The only thing I’d add to your explanation is that in the example sentence, the phrase いくら注意しても is active rather than いくら注意されても which would be passive. Thus (and I know your sentence was described as similar and not a translation) we shouldn’t translate it as “No matter how much Tom is warned”. Instead we need to translate it as “No matter how much xxx warns xxx”. So already the person who warns is either Tom himself or the speaker. And since there’s no mention of a different person who is warned, one should assume that it’s Tom. Thus the speaker is the one who warns, and Tom is the “warnee”.

But more to the point, いくら注意しても doesn’t resolve without the いうことを聞かない part. And the person who doesn’t listen (聞かない) is clearly Tom, because Tom is the topic (marked with は of the sentence). So it only makes sense if we understand it as “No matter how much xx warns Tom, he doesn’t listen.” And as I said above, xx can be understood to be the speaker absent any other explanation.

This makes sense.

Funny story about where this came from in the first place. My teacher was making a lesson for me to study いくら~ても. It was really nothing to do with what we’re discussing here. So I think she went to this page:

and copied a few example sentences, one of which is the sentence in question.

And yet, it’s extremely common in grammar lessons to find these sentences with very little context which often leave learners confused about the situation (or at least who is who) but which are quite obvious for native speakers. In this case, I was just trying to determine what made it so obvious here.

You’re spot on, and I figured someone would point out the fact that I modified the sentence from active to passive voice. As you said, English tends to favor pronouns or explicit agents in active voice, so switching to passive voice was the easiest way for me to create a sentence with similar structure and an implied agent.

A side note, it seems that even when Japanese is spoken in the active voice, there still can be an affinity for the passive voice, especially with implied agents. This is nothing more a casual observation though.

One of the fun things about the good JLPT prep materials is that they have a lot of situations like this, where there could be several grammatically correct interpretations / solutions, but only one semantically correct interpretation / solution. Shin Kanzen Master often will instruct you to “choose the best answer out of the available options”, of which several may be grammatically correct. It goes a bit beyond Japanese structure, and takes us to the realm of understanding how ideas / sentiments are communicated in Japanese.

Hm… it seems not all the native speakers consulted by people on this thread think it’s obvious though, so perhaps it’s not perfectly obvious? Also, it seems each of us has come up with a different reason for why a particular interpretation might be more likely. I tried to come up with something based on the grammatical structure of the sentence, but everything I said about ‘coherence’ was an attempt to capture this sort of reasoning:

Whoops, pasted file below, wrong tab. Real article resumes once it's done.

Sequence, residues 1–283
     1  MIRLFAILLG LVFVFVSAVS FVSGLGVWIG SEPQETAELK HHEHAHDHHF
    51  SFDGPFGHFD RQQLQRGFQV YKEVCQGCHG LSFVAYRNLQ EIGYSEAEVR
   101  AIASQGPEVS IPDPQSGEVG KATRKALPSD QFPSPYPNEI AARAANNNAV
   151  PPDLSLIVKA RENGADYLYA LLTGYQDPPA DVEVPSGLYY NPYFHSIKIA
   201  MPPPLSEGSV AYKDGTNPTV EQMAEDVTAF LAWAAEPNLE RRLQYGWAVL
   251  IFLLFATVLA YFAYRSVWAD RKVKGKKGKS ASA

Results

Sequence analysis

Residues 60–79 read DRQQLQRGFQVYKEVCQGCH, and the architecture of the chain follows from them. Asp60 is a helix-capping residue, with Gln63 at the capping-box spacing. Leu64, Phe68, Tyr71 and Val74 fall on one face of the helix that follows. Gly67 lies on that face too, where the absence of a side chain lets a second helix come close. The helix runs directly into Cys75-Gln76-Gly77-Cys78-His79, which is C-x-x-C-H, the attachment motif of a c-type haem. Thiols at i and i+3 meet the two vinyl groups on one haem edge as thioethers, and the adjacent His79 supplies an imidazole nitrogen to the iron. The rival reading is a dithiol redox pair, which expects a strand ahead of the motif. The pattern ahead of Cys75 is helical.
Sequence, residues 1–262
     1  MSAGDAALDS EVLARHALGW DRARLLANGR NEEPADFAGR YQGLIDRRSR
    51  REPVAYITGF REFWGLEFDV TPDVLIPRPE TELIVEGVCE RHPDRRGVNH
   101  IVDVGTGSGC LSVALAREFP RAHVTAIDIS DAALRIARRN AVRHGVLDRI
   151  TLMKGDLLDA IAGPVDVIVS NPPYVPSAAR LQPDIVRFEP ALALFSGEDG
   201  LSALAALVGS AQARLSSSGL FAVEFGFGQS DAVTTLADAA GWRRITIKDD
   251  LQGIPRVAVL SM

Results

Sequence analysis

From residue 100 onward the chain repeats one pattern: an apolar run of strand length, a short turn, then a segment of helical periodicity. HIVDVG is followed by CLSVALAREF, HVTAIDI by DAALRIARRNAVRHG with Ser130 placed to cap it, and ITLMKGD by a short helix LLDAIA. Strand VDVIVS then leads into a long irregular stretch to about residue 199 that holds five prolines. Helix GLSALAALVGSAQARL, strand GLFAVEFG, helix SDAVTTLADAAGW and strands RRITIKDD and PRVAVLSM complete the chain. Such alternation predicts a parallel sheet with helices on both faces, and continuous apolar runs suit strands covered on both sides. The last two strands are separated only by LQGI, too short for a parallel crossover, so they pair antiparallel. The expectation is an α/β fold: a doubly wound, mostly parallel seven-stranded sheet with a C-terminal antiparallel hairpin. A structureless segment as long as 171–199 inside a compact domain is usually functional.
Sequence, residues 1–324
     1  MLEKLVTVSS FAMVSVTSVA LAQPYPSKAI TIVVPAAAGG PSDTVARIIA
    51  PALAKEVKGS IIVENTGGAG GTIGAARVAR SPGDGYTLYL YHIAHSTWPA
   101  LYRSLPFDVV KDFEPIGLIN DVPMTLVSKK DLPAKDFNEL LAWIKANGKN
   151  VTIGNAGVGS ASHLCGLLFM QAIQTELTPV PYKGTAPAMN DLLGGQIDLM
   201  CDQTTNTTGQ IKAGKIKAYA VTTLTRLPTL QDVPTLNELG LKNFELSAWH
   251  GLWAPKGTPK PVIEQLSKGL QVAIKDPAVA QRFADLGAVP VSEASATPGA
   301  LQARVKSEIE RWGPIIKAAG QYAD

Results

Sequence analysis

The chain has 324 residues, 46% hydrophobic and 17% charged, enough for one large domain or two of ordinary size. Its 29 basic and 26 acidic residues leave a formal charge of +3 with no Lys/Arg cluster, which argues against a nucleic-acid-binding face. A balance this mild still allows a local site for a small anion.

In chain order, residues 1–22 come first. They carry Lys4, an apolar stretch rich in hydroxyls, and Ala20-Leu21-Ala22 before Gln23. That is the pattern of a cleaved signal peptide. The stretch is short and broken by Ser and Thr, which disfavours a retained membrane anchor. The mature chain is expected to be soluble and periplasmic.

For me though, part of the problem was that I wasn’t aware that 注意する could mean ‘to warn’ until I looked it up (I’m used to it meaning ‘to pay attention’), so maybe my interpretation isn’t what a native speaker with an awareness of both meanings might come up with. Still, when I’m back home, I speak a high-context dialect of English (Singlish) that uses a mix of English and Chinese grammar, rarely requires complete sentences and doesn’t always include explicit subjects, so I’d like to think that helps me a little?

Maybe another way to examine it is to consider the number of people involved in each interpretation and to go for the simplest explanation/the one with the fewest subjects? ‘The speaker is the subject’ is the default interpretation for verbs in a sentence. If we use that and assume that トムさんは is just a topic indicator and doesn’t also suggest Tom is the subject of most of the verbs, then we get the ‘correct’/most widely accepted interpretation straightaway. 聞かない has to have a different subject from the rest because the sentence doesn’t make sense otherwise. Also, the advantage of the default subject interpretation is that 言う in 言うこと clearly has a candidate subject that makes sense: the speaker.

On the other hand, if Tom is the subject of 注意して, then the subject of 聞かない has to be a third or even fourth party (if we decide to count the listener), because it would be strange for the speaker to express their nonchalance towards what Tom says so candidly. I suppose 言う’s subject could be Tom. However, regardless (and I can’t really explain why), I feel like the subject of 困っています would be unclear in this case. Both of the sentences suggested by native speakers on this thread in which Tom would be in trouble have a tendency to clarify the link between Tom and 困っています, either by bringing トムさんは close to the verb or by making it clear that Tom is the only subject in the sentence (not counting the subject for the verb 言う since it plays a fairly minor role in this sentence). The lack of clarity could be due to a tendency not to discuss other’s feelings in a direct/presumptuous fashion, or simply a matter of distance between the verb and the candidate subject. Whatever the reason, this interpretation is much more complicated and requires assuming the existence of other contextual factors (e.g. third parties who don’t listen), and probably is less intuitive than the default interpretation.